What is a crown?

A crown or ‘cap’ is recommended for strengthening weakened teeth and for improving aesthetics (cosmetic appearance). Crowns can be made from many materials most commonly   1. all porcelain - for superior aesthetics   2. porcelain with a gold base - looks good with added strength from the gold or 3. all gold - mainly used in back molar teeth where strength is the major issue.

The strongest tooth is a natural tooth that has not been restored, once the tooth has been restored (filled), we start to compromise the natural strength of the tooth.  With general biting, chewing and grinding, the tooth can become weaker.  Fracture lines can occur in the enamel (outer shell) and the restoration, which can cause the tooth to break down and cause sensitivity when biting and with cold and hot foods.

Crowns are also recommended after the completion of root canal therapy, with the nerve of the tooth removed, the tooth dries out and becomes very brittle.  To protect the tooth from fracturing, a crown is placed over the tooth, providing support for the tooth.

Crowns give a fantastic and natural result in improving or changing the aesthetic appearance of anterior (front) teeth.  With crowns we are able to close gaps, straighten crowded teeth, whiten teeth and change the shape or size of teeth.  Porcelain is ideal for anterior crowning, as it is very resistant to staining.

How long does it take?

Two to Three appointments are required for the preparation and bonding of the crown in place.

The first appointment, ranges from one to three hours, depending on the type, position and number of crowns required.   At this appointment the tooth is prepared, to allow space for the crown in your bite, and an impression taken of the prepared tooth. We also record of the shade of the existing tooth, this enables the ceramicist to produce a natural looking crown.  On occasion we may request that you see the ceramicist in their laboratory for a super-accurate shade matching.  A temporary crown is then made and temporarily bonded to the tooth, this is to reduce sensitivity and maintain the function of the tooth in biting and chewing in between the two visits.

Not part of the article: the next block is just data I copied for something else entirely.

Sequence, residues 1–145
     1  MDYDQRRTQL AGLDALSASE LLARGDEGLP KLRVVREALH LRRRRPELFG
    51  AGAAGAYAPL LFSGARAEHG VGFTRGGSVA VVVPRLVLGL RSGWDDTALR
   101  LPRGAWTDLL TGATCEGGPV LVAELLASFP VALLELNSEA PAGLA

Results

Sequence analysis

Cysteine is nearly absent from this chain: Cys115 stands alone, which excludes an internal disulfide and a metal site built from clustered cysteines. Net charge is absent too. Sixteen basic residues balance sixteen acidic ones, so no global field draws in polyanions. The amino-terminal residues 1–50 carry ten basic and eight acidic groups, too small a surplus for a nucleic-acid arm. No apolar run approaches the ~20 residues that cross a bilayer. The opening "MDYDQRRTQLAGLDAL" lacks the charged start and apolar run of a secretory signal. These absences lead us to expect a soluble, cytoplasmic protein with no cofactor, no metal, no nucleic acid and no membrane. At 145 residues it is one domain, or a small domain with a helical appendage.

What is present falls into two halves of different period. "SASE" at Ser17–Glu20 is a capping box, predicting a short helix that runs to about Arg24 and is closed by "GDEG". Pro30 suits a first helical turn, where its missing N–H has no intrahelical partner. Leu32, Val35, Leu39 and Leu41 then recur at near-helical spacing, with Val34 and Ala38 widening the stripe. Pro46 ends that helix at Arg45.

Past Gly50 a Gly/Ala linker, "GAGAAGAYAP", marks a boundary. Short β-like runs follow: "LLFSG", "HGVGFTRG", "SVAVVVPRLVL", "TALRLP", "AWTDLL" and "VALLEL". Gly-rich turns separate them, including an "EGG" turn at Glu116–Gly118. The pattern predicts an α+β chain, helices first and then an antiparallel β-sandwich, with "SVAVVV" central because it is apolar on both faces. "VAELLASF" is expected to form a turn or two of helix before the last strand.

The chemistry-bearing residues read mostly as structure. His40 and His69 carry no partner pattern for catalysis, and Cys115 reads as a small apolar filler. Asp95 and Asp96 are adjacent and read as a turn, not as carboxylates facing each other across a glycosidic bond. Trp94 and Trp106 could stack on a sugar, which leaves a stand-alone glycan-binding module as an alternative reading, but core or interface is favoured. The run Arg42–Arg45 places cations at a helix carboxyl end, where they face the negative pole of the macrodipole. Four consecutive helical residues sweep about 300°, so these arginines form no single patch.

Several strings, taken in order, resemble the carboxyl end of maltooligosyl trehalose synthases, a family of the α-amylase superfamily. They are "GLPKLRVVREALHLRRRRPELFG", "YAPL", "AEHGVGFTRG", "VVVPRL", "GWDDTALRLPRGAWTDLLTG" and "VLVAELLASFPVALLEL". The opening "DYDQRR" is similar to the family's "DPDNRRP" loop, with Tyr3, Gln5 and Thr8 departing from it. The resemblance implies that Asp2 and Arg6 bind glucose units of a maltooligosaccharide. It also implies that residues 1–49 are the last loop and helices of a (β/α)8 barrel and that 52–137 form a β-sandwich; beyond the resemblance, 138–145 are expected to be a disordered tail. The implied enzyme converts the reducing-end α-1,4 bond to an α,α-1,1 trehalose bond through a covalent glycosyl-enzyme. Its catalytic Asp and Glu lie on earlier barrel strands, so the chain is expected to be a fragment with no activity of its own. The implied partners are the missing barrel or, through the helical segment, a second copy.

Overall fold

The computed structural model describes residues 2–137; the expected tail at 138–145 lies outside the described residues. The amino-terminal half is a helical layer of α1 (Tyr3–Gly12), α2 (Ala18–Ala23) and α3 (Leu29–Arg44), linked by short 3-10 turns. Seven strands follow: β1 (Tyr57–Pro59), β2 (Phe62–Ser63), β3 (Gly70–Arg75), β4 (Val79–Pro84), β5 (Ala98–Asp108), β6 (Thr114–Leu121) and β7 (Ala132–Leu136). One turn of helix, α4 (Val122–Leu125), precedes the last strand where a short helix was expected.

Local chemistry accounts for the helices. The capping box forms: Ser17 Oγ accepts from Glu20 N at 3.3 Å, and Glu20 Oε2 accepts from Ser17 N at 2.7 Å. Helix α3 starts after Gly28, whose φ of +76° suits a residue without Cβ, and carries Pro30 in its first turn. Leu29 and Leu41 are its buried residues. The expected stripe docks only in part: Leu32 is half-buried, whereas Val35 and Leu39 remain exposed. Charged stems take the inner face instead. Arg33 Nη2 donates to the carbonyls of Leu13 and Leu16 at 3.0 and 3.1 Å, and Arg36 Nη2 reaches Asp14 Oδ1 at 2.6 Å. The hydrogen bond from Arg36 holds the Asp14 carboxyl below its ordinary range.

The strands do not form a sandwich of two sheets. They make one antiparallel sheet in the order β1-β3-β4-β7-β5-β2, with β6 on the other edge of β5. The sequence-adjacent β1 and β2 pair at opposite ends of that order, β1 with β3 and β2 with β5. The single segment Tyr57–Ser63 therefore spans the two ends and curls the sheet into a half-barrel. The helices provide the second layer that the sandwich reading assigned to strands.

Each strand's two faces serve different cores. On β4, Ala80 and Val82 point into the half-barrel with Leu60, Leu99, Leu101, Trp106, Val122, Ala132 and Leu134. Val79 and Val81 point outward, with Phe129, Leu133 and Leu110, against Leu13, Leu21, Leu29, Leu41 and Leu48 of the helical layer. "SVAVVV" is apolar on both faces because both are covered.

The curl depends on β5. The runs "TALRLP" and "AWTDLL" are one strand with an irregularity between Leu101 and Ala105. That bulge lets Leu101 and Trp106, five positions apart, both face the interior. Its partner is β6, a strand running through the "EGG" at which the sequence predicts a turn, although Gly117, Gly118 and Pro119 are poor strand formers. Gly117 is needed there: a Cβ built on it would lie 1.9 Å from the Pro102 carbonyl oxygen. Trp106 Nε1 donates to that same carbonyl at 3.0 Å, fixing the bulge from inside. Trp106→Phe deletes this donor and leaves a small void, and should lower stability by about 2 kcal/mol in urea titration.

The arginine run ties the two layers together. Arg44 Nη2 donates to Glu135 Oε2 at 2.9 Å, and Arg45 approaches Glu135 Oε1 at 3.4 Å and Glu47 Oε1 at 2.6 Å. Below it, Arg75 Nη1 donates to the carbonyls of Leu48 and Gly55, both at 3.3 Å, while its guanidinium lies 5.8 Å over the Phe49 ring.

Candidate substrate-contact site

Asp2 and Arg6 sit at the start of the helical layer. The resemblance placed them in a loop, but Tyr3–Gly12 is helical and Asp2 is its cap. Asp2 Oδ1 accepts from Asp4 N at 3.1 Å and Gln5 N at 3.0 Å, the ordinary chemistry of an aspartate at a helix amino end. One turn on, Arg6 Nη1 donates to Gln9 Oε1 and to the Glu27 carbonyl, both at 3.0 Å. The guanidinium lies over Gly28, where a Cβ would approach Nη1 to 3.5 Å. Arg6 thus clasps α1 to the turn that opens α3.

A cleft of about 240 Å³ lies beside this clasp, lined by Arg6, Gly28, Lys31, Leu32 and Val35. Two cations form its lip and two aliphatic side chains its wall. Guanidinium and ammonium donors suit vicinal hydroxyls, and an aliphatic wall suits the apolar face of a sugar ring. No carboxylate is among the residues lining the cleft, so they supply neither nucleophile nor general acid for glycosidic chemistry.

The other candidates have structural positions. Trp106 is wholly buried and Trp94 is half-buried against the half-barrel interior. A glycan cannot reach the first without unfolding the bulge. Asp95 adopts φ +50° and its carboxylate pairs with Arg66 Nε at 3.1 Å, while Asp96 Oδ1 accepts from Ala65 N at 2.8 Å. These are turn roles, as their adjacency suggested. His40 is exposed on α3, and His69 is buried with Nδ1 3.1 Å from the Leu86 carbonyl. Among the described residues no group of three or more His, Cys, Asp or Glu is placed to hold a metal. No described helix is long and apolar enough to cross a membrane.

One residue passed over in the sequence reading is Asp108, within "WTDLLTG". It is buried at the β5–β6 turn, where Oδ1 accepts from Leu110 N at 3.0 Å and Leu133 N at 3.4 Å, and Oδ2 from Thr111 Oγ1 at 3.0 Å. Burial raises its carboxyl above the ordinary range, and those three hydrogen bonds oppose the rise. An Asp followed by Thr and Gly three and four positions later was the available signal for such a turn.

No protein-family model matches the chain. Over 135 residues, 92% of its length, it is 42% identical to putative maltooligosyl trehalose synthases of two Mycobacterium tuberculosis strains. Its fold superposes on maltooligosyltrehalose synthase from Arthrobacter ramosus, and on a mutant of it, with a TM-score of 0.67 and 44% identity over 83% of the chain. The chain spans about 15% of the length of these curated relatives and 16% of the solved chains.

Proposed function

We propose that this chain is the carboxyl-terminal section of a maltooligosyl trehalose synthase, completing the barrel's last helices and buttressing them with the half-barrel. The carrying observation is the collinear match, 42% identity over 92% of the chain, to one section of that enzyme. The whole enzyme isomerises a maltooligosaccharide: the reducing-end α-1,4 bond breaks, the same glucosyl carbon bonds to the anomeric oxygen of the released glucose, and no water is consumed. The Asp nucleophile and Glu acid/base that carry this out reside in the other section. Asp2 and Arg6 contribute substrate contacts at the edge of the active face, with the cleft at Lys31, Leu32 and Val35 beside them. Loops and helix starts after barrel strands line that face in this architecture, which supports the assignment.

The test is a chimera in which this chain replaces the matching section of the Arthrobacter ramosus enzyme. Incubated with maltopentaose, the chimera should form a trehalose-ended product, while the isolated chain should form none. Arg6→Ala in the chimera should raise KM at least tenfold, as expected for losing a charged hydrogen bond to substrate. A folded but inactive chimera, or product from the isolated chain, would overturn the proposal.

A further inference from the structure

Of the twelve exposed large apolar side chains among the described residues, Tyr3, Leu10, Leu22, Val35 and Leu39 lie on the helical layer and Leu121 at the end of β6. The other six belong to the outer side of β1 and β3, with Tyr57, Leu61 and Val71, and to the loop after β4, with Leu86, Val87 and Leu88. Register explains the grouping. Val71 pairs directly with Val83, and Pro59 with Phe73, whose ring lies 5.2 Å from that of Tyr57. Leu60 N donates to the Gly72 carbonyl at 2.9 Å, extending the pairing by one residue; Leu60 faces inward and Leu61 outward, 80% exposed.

The second visit is scheduled approximately 14 to 21 days later, at this appointment the crown is closely inspected and trial fitted, the crown margins (where the tooth and crown meets) are checked and the appearance of the crown assessed.  If both dentist and patient are satisfied, the crown is permanently bonded into place. 

Caring for the Crown.

The life of the crown often depends on how well the crown is cared for.  It is important to meticulously clean the crown, its margins and the gums that surround the crown. The dentist or dental hygienist will instruct you on the best methods of removing plaque and food debris.

Biting hard objects should be avoided, as you would with your natural teeth, to prevent fracturing any porcelain.   If you have an extremely heavy bite or grind your teeth at night, we may recommend a night splint to protect both your crown and your existing natural teeth.


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